No one likes to be surprised by a scorpion inside their home, but these predatory arthropods can help reduce the populations of other unwanted pests on your property.
With the heat of the summer behind us and cooler weather settling in, we can have unexpected (and sometimes) unwelcome guests dropping into our homes. Of course, this should come as no surprise to most Texans as we’ve all most likely experienced some form of creepy crawler indoors.
In Texas, scorpions are just a fact of life and with more than 20 species reported from the state they can be found just about everywhere, including in and around our homes.
In Bexar County, although only two species are commonly encountered, they can be prolific. The most common of the two, the striped bark scorpion (Centruroides vittatus), is found throughout most of the central United States and south into Mexico, while the other less commonly seen Texas cave scorpion (Pseudouroctonus reddelli) is endemic to the Texas Hill Country.
Unfortunately, due to their capacity to deliver a painful sting, there’s quite a bit of unfair stigma associated with these otherwise captivating creatures.
While it’s true that scorpions can and will sting to protect themselves, they are not overtly aggressive. Although their sting can be painful, the venom toxicity is considered mild, producing symptoms that typically last 15 to 20 minutes — likened to the stinging effect of the more culturally accepted and even beloved European honeybee. So biases aside, let’s talk about these unique animals.
Believe it or not, scorpions are beneficial. As predatory arthropods, they help reduce the populations of other unwanted pests around your home, such as roaches and spiders. They’re also used in the biomedical field for developing new and innovative ways to treat cancer, kill bacteria and even help relieve painful symptoms from arthritis.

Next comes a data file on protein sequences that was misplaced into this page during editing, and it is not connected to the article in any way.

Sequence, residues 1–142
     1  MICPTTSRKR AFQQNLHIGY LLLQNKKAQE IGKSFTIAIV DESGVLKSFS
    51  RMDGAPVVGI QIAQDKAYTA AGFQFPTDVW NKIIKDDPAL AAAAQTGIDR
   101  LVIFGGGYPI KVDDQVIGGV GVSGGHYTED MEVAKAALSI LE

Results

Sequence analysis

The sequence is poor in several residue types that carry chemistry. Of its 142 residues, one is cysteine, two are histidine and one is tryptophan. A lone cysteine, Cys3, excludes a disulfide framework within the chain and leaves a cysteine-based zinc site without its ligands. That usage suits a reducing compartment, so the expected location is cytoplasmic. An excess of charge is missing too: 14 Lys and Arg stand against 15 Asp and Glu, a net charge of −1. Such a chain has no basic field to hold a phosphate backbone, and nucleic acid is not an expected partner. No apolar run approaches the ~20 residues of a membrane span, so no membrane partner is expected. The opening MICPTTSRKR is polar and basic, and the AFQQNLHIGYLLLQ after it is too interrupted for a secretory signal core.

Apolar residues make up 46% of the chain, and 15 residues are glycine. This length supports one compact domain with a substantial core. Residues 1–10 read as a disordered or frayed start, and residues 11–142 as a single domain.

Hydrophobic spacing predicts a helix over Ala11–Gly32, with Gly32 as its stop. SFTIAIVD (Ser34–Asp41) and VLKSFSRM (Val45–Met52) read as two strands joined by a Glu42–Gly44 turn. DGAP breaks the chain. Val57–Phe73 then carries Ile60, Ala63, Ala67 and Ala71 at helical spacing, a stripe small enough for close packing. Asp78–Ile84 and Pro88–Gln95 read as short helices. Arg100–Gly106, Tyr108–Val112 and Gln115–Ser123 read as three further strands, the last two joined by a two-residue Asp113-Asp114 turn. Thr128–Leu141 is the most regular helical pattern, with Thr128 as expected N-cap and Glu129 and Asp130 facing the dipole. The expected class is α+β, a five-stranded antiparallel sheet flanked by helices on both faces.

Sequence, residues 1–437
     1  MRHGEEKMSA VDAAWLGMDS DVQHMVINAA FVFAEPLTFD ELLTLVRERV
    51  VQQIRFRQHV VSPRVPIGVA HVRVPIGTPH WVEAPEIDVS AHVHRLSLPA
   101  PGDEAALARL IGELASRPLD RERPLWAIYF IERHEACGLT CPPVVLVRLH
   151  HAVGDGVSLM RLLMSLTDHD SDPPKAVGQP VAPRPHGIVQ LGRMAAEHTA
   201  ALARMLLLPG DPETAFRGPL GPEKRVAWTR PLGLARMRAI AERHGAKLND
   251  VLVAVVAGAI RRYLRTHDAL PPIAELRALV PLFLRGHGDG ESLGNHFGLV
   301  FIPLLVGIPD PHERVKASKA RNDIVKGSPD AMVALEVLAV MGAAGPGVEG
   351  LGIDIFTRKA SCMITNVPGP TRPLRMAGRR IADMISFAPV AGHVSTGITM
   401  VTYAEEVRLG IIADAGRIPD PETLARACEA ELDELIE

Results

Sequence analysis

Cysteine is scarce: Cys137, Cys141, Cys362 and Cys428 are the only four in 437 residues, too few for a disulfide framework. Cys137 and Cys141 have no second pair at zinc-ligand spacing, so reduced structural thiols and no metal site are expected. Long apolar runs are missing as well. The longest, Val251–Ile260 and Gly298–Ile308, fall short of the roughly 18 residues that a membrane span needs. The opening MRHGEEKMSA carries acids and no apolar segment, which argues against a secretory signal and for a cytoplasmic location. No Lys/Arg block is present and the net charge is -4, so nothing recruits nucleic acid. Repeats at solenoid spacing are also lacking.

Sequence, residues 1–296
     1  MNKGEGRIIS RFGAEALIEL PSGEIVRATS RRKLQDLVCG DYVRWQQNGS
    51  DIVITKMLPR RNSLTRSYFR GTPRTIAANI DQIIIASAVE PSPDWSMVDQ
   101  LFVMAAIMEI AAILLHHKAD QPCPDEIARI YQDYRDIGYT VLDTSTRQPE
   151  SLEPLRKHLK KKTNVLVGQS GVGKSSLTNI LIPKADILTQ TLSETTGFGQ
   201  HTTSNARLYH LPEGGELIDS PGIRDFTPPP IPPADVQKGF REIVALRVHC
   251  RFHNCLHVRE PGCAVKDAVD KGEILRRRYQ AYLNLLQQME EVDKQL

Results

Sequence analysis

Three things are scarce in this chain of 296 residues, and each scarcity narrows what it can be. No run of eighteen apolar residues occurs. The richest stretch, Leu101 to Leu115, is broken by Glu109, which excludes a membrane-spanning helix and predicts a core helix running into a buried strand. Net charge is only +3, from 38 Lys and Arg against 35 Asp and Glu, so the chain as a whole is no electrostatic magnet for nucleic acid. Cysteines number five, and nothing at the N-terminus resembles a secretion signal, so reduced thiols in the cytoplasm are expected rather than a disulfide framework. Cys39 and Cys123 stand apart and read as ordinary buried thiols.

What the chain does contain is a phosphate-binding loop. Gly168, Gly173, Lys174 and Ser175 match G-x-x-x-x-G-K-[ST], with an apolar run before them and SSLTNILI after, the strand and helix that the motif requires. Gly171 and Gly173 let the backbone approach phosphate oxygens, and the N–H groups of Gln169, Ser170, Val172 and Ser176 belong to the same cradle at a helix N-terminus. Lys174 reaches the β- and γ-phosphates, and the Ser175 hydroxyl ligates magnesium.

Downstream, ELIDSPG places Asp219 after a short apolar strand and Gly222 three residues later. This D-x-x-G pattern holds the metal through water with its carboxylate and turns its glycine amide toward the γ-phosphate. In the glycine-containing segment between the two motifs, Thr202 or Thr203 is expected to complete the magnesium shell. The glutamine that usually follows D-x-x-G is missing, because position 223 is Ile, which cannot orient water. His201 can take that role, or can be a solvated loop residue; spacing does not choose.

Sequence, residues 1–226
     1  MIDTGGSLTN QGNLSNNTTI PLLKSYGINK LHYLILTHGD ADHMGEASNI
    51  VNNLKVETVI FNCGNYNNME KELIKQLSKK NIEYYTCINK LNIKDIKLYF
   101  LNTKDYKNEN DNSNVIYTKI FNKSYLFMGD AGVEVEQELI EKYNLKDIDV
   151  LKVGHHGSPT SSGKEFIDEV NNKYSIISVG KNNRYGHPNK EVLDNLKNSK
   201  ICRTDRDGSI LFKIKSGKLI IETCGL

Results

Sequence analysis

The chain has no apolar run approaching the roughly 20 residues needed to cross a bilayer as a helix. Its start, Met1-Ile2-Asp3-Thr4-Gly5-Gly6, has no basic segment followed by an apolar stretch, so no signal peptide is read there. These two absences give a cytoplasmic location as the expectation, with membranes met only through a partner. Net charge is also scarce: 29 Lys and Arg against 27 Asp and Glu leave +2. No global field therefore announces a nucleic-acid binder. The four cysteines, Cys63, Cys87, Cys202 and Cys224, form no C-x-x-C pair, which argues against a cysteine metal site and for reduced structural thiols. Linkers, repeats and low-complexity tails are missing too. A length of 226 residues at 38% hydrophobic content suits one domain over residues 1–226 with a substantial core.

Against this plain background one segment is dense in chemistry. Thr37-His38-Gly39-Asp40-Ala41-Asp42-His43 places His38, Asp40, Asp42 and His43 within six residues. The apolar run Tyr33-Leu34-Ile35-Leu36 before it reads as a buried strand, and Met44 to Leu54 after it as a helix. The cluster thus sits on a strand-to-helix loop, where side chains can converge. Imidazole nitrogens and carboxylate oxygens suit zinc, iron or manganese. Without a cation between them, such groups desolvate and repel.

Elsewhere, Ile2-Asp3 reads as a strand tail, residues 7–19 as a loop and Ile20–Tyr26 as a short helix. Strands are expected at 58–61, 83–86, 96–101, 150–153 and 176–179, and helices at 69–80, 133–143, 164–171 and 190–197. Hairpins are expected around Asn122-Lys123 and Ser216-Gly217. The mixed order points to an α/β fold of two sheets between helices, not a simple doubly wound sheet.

Female scorpions are also amazing mothers. After giving birth, their babies quickly climb onto the mothers back where she will carry them around and protect them until they’re old enough to head off on their own.
Another fascinating and somewhat puzzling trait: their exoskeletons contain fluorescent chemicals that cause them to fluoresce when exposed to ultraviolet light. While many insects and other arthropods use ultraviolet light to navigate at night, it is suspected that a scorpion’s illumination is used to attract mates and potential prey. Take moths, who locate flowers at night by homing in on the reflected ultraviolet light from the flower’s petals. It’s believed that a scorpion may illuminate similarly to a flower, enticing the moth to fly right into its open pinchers.
Of course, as fascinating, and potentially beneficial as they may be, no one wants scorpions inside their home. So, what can we do to keep them outside?
Scorpions are extremely flat bodied and when it gets cold they’ll seek out warmth within rock cracks, tree crevices and other forms of cover. Unfortunately for us, many of our homes are riddled with perfect scorpion size cracks and crevices. Search out and seal any holes, cracks or crevices where a scorpion (or any critter) could crawl into. Pay special attention to the areas around doors and windows as these are common points of entry.